Don’t have time to read a novel? Or a novella? Or even a short story? Try some flash fiction!
#VSS365 (Very Short Stories, 365 days a year) is a Twitter hashtag game for micro fiction. Each day, a new writing prompt challenges participants to craft a tweet-length story using the featured word. I’ve known about it for a while, but last month I committed to doing it consistently and got addicted to the practice. It’s a quick way to flex your creativity and generate new writing ideas.
Below are my collected VSS365 creations from May 2019. Prompts are in bold, and each piece is no more than 280 characters. Let me know your favorites in the comments!
No one heeded the quiet boy creeping through the crowd. No one saw his fingers grip the cool metal and unleash his aphotic emotions in a sudden burst of thunder.
“Wow, I’d have never pegged Todd for karaoke!”
Angie7 is the perfect companion: standard domestic maintenance protocols; hundreds of pre-programmed intimate positions; and a perpetually beatific smile, even when her nimble titanium fingers tie a perfect half-windsor to crush your throat.
Spume whips over the prow, our zodiac the only movement on the grey ocean. “Are you all right, Doctor?” asks my young dive assistant. “This was a living reef when I was your age. Coral. Fish. An azure alien world.” Salt stings my eyes. I tell myself it’s only spray.
The crime scene looks like a Titian painting—Venus supine, every detail composed—but dark pools of blood evoke Caravaggio. And my first case.
“Thinks he’s an artist,” my partner growls.
“An apprentice.” Shivers crawl down my back. “He’s copying the Master.”
I’d expected the bionic limbs to be ponderous, but the lithe alloy responds to a thought, actuators flawlessly fused to my nerves and neurons.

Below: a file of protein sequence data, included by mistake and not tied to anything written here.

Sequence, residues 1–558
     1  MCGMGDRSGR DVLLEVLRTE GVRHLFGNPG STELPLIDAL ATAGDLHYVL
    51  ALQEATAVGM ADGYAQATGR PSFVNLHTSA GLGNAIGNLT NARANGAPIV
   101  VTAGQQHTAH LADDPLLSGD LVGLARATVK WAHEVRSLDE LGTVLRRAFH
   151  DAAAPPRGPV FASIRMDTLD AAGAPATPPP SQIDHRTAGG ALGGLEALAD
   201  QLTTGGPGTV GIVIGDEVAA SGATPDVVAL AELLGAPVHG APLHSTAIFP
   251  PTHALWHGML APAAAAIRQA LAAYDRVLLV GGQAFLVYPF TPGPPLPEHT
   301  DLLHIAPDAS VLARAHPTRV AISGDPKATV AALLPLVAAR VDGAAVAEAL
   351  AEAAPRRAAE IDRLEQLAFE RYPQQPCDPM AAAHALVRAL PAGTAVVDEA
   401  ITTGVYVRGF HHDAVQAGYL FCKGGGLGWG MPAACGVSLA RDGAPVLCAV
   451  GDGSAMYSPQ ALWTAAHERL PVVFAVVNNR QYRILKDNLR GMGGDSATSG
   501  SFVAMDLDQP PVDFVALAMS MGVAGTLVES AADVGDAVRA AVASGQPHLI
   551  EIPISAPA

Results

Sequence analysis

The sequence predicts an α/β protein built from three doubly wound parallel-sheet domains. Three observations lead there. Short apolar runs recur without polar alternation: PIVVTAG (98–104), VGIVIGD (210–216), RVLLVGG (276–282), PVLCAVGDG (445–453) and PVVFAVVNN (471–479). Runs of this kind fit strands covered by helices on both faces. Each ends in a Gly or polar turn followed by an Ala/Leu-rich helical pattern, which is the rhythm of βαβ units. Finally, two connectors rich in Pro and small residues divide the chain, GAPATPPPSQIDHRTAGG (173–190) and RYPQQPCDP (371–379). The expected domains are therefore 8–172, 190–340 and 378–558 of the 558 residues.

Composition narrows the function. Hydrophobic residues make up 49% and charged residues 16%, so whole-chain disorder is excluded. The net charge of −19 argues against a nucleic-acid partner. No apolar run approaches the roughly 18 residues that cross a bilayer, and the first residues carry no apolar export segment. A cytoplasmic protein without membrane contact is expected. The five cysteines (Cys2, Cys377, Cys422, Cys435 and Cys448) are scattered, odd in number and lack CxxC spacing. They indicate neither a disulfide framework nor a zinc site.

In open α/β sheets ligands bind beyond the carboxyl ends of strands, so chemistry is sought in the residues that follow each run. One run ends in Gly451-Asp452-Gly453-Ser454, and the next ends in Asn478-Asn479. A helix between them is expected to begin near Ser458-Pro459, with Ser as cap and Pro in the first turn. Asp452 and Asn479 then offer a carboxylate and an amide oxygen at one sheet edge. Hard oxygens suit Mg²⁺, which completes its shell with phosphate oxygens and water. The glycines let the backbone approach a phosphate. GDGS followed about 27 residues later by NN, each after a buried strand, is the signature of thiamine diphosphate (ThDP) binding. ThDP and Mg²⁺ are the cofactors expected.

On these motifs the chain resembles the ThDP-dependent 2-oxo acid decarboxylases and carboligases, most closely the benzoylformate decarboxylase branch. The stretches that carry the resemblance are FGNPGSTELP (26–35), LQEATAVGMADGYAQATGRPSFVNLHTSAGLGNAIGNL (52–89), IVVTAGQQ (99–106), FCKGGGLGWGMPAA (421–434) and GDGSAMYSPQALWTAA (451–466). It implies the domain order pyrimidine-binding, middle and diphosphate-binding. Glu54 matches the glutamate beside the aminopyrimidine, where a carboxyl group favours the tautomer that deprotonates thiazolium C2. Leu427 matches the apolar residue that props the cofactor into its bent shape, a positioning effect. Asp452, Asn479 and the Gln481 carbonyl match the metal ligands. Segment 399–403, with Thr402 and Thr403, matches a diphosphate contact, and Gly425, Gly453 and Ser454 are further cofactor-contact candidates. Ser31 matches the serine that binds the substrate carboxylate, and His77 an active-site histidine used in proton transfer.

“Can’t afford to waste damaged matériel,” says the doctor, peeling off her gloves.
“Me, or the metal?” “Both.”
“Don’t let her light frame fool you–she’s as tough as any armored cruiser and outfitted with the best military weapons the Belt’s black markets can steal. That’s why we call her Chimera.”
“No, the captain.”
Kneeling in the oily sand, Mama dug free the object I’d found. It wasn’t plastic, like the other flotsam, but a triangle of porous grey material.
“Is that a bone?”
“A vertebra.” Her eyes shone like sea glass. “This might be enough DNA to bring back the vaquita!”
Each night the susurrus of waves lulled her, basking in the reflection of stars on restless water. Each day it grew harder to wake and accept that the sound was just the ship’s muttering air system, the only ocean the dark expanse of space beyond the porthole.
“How could you let it happen? When a verdant planet started turning brown, didn’t you notice?”
“Yes. But the only green we cared about was in our wallets.”
“It’s too late,” Nate moaned from the keyboard. “That worm will take the city offline in minutes!”
Yanking the chair from under him, Ada hurled it into the server rack. Sparks and shards flew; the computers went dark. “In my day we didn’t patch bugs. We swatted ’em.”